And starting with Clara, we get introduced to the various hopes and dreams of the characters in Gone Shopping, which I thought was interesting and intriguing enough to hold you attention, and want to make you find out more as the story unravels. Through three story arcs whose characters rarely interact with one another, they share a common thread, and that is the need to escape from the cold harsh realities of their unsatisfactory life, through, what else, their various periods of stay in malls, where they can enjoy some bliss in their respective fantasies.
Clara longs to be loved and run away from the superficiality of "tai-tai friendships", and bumping into an acquaintance, Valentine Pang (Adrian Pang), a sales person in a departmental store and old school classmate, may just provide that avenue. Aaron Ho (Aaron Kao), a young man stifled in his 9-to-5 job, seeks out friends in the mall, and slowly develops the hots for his best friend's sister Hui Hui (Magdalene Tan), a goth lolita. Renu (Sonya Nair), an 8 year old girl who finds herself abandoned and unloved by her parents, seeking out a new life in the world famous Mustafa Centre, a mall that does not sleep, enjoying the material goods she could possibly never possess, and being caught in a web of intrigue between a conman, and the store's security personnel.
Gone Shopping reveals a thick tapestry based on strengths of Li Lin's imaginative mind, and engages the audiences at different levels. Like a shopping mall itself, the movie is full of differen t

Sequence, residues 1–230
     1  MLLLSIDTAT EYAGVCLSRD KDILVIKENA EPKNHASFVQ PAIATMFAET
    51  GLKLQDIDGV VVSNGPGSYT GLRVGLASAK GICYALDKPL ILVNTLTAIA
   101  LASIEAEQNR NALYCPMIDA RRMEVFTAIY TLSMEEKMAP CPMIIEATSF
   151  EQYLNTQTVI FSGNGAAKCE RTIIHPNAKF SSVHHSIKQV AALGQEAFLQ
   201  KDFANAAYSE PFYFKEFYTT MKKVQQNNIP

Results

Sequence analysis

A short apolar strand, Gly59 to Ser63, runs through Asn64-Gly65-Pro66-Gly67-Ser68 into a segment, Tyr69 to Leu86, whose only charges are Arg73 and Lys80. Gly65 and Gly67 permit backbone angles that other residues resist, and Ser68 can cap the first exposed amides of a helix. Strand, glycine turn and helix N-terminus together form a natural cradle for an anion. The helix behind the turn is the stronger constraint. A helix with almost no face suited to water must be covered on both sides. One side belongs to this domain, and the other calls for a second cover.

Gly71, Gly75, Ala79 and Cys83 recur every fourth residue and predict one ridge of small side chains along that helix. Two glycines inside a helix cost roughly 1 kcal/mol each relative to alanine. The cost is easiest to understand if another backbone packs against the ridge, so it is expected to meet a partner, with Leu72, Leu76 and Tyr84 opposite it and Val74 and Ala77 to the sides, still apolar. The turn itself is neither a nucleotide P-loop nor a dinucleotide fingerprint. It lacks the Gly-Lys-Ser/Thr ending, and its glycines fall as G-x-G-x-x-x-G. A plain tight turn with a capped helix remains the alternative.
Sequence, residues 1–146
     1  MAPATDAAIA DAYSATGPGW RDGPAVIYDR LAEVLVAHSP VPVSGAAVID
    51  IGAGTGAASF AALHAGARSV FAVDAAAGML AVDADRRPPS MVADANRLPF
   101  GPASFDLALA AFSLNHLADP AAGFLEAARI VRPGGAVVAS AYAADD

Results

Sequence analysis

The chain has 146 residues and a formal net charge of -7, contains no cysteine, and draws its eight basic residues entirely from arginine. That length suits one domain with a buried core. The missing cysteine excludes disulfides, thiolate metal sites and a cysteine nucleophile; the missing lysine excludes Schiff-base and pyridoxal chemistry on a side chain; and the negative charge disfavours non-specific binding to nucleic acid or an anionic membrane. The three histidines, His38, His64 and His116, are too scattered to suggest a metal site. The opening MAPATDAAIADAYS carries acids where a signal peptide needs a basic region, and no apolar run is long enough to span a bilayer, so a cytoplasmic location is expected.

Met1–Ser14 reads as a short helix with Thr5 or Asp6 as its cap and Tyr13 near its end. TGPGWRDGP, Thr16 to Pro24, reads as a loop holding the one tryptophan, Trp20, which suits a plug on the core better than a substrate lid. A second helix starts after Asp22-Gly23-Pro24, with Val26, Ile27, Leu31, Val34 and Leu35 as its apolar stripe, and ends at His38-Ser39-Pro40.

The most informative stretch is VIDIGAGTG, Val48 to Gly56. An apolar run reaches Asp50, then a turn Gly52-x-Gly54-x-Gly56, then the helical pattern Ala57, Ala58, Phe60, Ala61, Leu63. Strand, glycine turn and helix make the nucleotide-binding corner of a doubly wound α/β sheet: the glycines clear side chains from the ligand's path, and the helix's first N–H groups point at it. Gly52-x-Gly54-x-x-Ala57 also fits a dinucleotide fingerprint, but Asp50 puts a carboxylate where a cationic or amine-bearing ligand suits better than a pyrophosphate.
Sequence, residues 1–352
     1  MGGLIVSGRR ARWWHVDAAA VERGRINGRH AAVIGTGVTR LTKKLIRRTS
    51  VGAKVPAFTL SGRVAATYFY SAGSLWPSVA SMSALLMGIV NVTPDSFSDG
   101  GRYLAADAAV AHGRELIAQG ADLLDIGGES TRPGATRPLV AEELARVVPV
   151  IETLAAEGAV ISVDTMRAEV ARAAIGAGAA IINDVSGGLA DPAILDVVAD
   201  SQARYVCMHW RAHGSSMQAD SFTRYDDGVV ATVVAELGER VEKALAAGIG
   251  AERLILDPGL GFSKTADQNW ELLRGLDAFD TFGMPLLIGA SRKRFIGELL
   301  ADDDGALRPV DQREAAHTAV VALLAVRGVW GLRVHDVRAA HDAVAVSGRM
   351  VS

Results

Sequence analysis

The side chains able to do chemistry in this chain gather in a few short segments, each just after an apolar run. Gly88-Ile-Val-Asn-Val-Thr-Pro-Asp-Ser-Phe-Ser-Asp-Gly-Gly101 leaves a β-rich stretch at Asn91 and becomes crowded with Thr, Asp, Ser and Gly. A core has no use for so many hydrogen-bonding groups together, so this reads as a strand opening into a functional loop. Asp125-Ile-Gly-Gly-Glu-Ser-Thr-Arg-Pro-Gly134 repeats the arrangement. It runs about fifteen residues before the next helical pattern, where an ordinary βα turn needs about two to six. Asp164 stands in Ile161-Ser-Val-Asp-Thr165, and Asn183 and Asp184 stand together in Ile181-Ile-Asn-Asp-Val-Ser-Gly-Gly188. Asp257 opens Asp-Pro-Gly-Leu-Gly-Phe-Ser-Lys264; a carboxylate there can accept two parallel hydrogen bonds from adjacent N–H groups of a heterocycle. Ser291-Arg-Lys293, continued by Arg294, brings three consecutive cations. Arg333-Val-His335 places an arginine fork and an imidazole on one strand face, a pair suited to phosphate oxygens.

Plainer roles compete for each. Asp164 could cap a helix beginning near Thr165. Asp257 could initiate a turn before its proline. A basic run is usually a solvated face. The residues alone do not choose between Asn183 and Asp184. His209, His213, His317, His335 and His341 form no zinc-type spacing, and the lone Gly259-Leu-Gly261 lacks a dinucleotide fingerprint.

components that will appeal to different demographics, but yet all coming together to make it a completely satisfying experience. Some scenes were just so cunningly full of wit, that you can't help but to crack up for its sheer brilliance and cheekiness. The actors too, from familiar TV faces past and present, flesh their roles with aplomb, and are a delight to watch. I only rue that the wonderful Adrian Pang didn't get a lot of screen time, and his moustache does make him look kinda serious, departing miles away from his funnyman persona.
What is superb too for a local film, are the cinematography and art direction. The colours are beautiful to look at, building upon those already available in the malls' surroundings, and scenes come alive with its many locations that audiences would find familiar. After all, we do visit these places from time to time for our dose of retail therapy. And for the overseas audience, you're in for a real visual treat as well, as Gone Shopping made the malls actually look sexy, and for those who have been here before, take a look if you can recall where they were. While it is obvious these places are touristy and would make Singapore Tourism Board beam with brimming pride, it doesn't, not for a minute, look like a huge "Come Visit Singapore / Come Shop in Singapore" commercial, which is great.
Retail therapy might pay off to chase those blues away, but Gone Shopping certainly is well worth the admission ticket, being able to straddle the arty film realm that most local movies seem to fall under, and having the commercial legs as well. If Singapore movies are growing from strength to strength with each output, then Gone Shopping has certainly stamped its mark for 2007. Highly recommended!